"The Saddle" By J. Foley
It is vitally important a saddle is both well-fitting and positioned correctly on the horse’s back. Fitting should be carried out by a qualified saddle fitter, although every rider should be able to position a saddle correctly for use and be able to identify signs that a saddle no longer fits and requires attention. If the horse’s shape alters, as a result of weight gain or muscle development, the fit of the saddle will need to be checked.
How to correctly position a well-fitting saddle.
• The saddle should be placed on the back, over the wither, and then slid backwards into its natural resting place.
Check that the saddle is balanced and level and not tipping
backwards or forwards.
There should be a broad-bearing surface, with the weight
distributed evenly along the horse’s back.
No part of the saddle should make contact with the spine or wither.
The gullet of the saddle should be approximately 6.5 cm wide along its full length – there should be a similar clearance between the front of the saddle and the top of the horse’s wither.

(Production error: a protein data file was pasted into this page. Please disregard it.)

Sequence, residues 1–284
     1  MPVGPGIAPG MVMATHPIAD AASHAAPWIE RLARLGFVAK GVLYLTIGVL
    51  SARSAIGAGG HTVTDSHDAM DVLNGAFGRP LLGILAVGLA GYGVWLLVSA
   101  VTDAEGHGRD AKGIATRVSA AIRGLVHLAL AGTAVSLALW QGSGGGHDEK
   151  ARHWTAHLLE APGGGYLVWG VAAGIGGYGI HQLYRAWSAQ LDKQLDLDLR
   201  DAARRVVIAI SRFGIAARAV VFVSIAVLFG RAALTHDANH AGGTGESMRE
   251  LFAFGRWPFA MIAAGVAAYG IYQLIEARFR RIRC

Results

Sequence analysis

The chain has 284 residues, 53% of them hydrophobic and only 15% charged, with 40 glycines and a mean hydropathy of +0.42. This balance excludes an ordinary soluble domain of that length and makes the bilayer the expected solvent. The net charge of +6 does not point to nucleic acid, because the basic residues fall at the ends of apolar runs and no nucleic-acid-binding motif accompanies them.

The position of the point of the saddle tree should sit behind the horse’s shoulder blade, so that it does not restrict the horse’s normal movement. The tree-arches and points should not dig into the horse’s shoulder.
• The back saddle should not sit too far along the
back (as the horse is not designed to take
weight on its lumber region) and no further
back than the start of the last rib.
• Ideally, the rider should use a mounting block,
or get a leg-up when mounting, to avoid
twisting the saddle and affecting its position or
straining the horse’s back.
When the horse is being ridden, the saddle should not move
significantly in any direction and should remain well fitting and balanced.
Girths are a vital piece of tack, attaching the saddle to the horse and helping maintain
its position. They are available in many shapes, types and sizes to suit a range of
different saddles. Essentially, a girth should be broad and smooth, fitting comfortably
around the horse’s breast. Most general purpose saddles have three girth straps and it is
correct to attach the girth to the first and third of these on each side. A correctly fastened girth should rest approximately one hand’s width behind the horse’s elbows.
Saddle cloths, numnahs and pads
Saddle cloths and numnahs are used to keep the underside of the saddle clean and to
minimise saddle slip. If they are too thick or allowed to crease up under the saddle, they
can alter the fit of an otherwise well-fitting saddle. They should not be used in an attempt to improve the fit of an ill-fitting saddle. Undue pressure can be placed on the horse’s withers and spine if a saddle cloth or numnah is not pulled up fully into the gullet. Pads are often used to alter the fit of a saddle. If such measures are necessary long-term, then the saddle clearly does not fit and a new, well-fitting replacement should be purchased.
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Article Written By J. Foley